`I tried, but she only drew herself away from me again, and leaned her face and arms against the side of the boat-house. ``Oh!'' I heard her say, with a dreadful, distracted tenderness in her voice, ``oh! if I could only be buried with your mother! If I could only wake at her side, when the angel's trumpet sounds, and the graves give up their dead at the resurrection!'' -- Marian! I trembled from head to foot -- it was horrible to hear her. ``But there is no hope of that,'' she said, moving a little, so as to look at me again, ``no hope for a poor stranger like me. I shall not rest under the marble cross that I washed with my own hands, and made so white and pure for her sake. Oh no! oh no! God's mercy, not man's, will take me to her, where the wicked cease from troubling and the weary are at rest.'' She spoke those words quietly and sorrowfully, with a heavy, hopeless sigh, and then waited a little. Her face was confused and troubled, she seemed to be thinking, or trying to think. ``What was it I said just now?'' she asked after a while. ``When your mother is in my mind, everything else goes out of it. What was I saying? what was I saying?'' I reminded the poor creature, as kindly and delicately as I could. ``Ah, yes, yes,'' she said, still in a vacant, perplexed manner. ``You are helpless with your wicked husband. Yes. And I must do what I have come to do here -- I must make it up to you for having been afraid to speak out at a better time.'' ``What is it you have to tell me?'' I asked. ``The Secret that your cruel husband is afraid of,'' she answered. ``I once threatened him with the Secret, and frightened him. You shall threaten him with the Secret, and frighten him too.'' Her face darkened, and a hard, angry stare fixed itself in her eyes. She began waving her hand at me in a vacant, unmeaning manner. ``My mother knows the Secret,'' she said. ``My mother has wasted under the Secret half her lifetime. One day, when I was grown up, she said something to me. And the next day your husband --'''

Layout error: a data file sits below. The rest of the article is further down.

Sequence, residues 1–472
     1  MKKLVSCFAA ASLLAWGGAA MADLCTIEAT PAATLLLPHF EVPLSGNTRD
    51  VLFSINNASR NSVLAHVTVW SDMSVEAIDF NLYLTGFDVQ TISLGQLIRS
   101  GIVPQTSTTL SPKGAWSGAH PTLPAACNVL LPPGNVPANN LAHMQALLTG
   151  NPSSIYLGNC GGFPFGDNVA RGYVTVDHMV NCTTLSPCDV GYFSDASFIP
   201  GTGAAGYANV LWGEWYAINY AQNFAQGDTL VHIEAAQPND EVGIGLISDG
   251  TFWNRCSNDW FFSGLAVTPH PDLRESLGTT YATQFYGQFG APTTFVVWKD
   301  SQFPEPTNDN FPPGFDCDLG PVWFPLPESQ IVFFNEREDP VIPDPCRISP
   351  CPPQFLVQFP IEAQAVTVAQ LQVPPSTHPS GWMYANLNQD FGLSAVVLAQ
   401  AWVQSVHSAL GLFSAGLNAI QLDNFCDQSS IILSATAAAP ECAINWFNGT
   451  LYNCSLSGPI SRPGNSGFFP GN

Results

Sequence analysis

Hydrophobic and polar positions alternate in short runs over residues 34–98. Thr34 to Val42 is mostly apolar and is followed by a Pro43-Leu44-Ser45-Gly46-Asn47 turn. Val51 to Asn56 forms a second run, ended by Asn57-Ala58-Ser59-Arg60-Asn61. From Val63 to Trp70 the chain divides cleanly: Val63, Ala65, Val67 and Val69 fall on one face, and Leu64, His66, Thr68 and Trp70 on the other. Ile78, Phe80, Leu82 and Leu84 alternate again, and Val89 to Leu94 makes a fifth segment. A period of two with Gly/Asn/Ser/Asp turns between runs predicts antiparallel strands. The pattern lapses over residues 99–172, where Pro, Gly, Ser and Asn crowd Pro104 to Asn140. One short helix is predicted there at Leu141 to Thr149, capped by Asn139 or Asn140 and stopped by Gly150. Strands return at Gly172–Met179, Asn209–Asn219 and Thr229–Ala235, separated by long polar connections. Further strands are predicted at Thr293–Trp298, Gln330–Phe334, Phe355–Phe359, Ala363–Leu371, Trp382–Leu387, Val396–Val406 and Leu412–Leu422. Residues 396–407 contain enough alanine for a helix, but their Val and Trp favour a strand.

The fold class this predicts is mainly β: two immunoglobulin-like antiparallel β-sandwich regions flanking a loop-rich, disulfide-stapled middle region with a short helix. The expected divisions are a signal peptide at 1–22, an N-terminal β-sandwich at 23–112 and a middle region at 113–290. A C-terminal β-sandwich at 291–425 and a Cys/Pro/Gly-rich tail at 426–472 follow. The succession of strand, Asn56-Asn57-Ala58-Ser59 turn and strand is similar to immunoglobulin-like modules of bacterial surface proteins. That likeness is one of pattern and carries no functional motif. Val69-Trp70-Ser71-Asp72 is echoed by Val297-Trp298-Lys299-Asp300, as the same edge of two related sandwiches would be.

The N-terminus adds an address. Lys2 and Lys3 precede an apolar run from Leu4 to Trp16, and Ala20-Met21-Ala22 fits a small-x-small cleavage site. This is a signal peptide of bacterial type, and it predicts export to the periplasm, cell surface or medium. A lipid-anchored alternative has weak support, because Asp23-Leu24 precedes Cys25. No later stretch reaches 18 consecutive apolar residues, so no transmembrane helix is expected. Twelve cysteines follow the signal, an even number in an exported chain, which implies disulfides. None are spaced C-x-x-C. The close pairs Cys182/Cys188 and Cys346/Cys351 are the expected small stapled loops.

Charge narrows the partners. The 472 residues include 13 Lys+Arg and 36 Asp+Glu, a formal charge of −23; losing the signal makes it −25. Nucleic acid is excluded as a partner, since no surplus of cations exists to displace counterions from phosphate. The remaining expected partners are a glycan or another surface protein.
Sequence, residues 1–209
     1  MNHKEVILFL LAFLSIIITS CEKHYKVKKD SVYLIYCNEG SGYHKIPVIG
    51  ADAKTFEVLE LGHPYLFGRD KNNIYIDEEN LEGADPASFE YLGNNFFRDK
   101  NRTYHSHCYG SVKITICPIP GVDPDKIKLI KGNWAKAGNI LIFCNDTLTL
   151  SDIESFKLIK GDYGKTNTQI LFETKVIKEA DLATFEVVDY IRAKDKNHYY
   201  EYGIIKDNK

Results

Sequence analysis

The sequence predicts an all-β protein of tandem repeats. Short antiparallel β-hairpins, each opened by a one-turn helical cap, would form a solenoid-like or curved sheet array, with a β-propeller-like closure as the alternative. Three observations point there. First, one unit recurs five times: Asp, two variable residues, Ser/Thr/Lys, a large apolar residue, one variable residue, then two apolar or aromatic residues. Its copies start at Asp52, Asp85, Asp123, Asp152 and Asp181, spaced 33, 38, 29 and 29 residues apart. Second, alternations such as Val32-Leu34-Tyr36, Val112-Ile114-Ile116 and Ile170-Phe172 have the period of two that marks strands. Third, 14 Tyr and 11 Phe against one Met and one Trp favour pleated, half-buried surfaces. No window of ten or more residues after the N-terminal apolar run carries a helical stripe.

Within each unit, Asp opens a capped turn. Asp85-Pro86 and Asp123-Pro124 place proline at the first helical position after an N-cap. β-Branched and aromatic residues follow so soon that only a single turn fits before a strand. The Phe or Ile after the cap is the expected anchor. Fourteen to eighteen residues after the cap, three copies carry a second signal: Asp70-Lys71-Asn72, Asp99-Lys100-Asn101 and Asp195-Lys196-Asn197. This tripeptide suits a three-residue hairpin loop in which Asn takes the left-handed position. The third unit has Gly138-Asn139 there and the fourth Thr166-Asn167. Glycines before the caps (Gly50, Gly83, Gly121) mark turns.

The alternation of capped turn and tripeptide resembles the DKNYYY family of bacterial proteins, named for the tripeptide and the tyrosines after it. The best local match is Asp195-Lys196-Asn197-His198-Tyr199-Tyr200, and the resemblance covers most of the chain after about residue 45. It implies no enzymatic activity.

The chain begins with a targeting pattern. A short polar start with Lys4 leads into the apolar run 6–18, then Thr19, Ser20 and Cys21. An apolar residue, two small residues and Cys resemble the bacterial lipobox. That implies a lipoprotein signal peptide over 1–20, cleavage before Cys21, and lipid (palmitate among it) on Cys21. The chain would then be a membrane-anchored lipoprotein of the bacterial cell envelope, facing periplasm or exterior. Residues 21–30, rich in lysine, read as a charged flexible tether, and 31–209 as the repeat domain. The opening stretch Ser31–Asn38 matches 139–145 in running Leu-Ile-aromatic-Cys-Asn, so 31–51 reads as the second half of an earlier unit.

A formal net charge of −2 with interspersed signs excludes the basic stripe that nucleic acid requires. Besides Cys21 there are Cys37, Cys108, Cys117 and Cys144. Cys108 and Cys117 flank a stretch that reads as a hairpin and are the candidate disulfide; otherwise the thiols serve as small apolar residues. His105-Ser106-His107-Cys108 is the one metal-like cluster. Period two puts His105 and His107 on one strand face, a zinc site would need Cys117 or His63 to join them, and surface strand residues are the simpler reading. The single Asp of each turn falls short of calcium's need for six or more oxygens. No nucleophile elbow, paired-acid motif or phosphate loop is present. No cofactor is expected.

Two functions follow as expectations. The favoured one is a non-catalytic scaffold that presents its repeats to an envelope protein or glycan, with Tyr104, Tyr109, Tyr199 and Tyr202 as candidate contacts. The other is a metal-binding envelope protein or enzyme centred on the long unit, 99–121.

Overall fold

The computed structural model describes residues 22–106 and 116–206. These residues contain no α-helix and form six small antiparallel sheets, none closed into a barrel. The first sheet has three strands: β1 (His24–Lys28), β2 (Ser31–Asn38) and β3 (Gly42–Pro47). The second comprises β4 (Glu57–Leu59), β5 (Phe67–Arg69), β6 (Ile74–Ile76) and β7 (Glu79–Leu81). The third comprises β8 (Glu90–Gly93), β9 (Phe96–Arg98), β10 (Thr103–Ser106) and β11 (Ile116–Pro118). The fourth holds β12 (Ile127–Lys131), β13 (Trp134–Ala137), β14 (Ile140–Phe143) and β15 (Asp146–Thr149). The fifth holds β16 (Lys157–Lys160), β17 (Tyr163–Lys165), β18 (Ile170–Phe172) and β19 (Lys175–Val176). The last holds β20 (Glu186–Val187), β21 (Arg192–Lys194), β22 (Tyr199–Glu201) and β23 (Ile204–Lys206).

`Yes! yes! Go on. What did she tell you about your husband?'
`She stopped again, Marian, at that point --'
`And said no more?'
`And listened eagerly. ``Hush!'' she whispered, still waving her hand at me. `Hush!'' She moved aside out of the doorway, moved slowly and stealthily, step by step, till I lost her past the edge of the boat-house.'
`Surely you followed her?'
`Yes, my anxiety made me bold enough to rise and follow her. rust as I reached the entrance, she appeared again suddenly, round the side of the boat-house. ``The Secret,'' I whispered to her -- ``wait and tell me the Secret!'' She caught hold of my arm, and looked at me with wild frightened eyes. ``Not now,'' she said, ``we are not alone -- we are watched. Come here tomorrow at this time -- by yourself -- mind -- by yourself.'' She Pushed me roughly into the boat-house again, and I saw her no more.'
`Oh, Laura, Laura, another chance lost! If I had only been near you she should not have escaped us. On which side did you lose sight of her?'
`On the left side, where the ground sinks and the wood is thickest.'
`Did you run out again? did you call after her?'
`How could I? I was too terrified to move or speak.'
`But when you did move -- when you came out --?'
`I ran back here, to tell you what had happened.'
`Did you see any one, or hear any one, in the plantation?'
`No, it seemed to be all still and quiet when I passed through it.'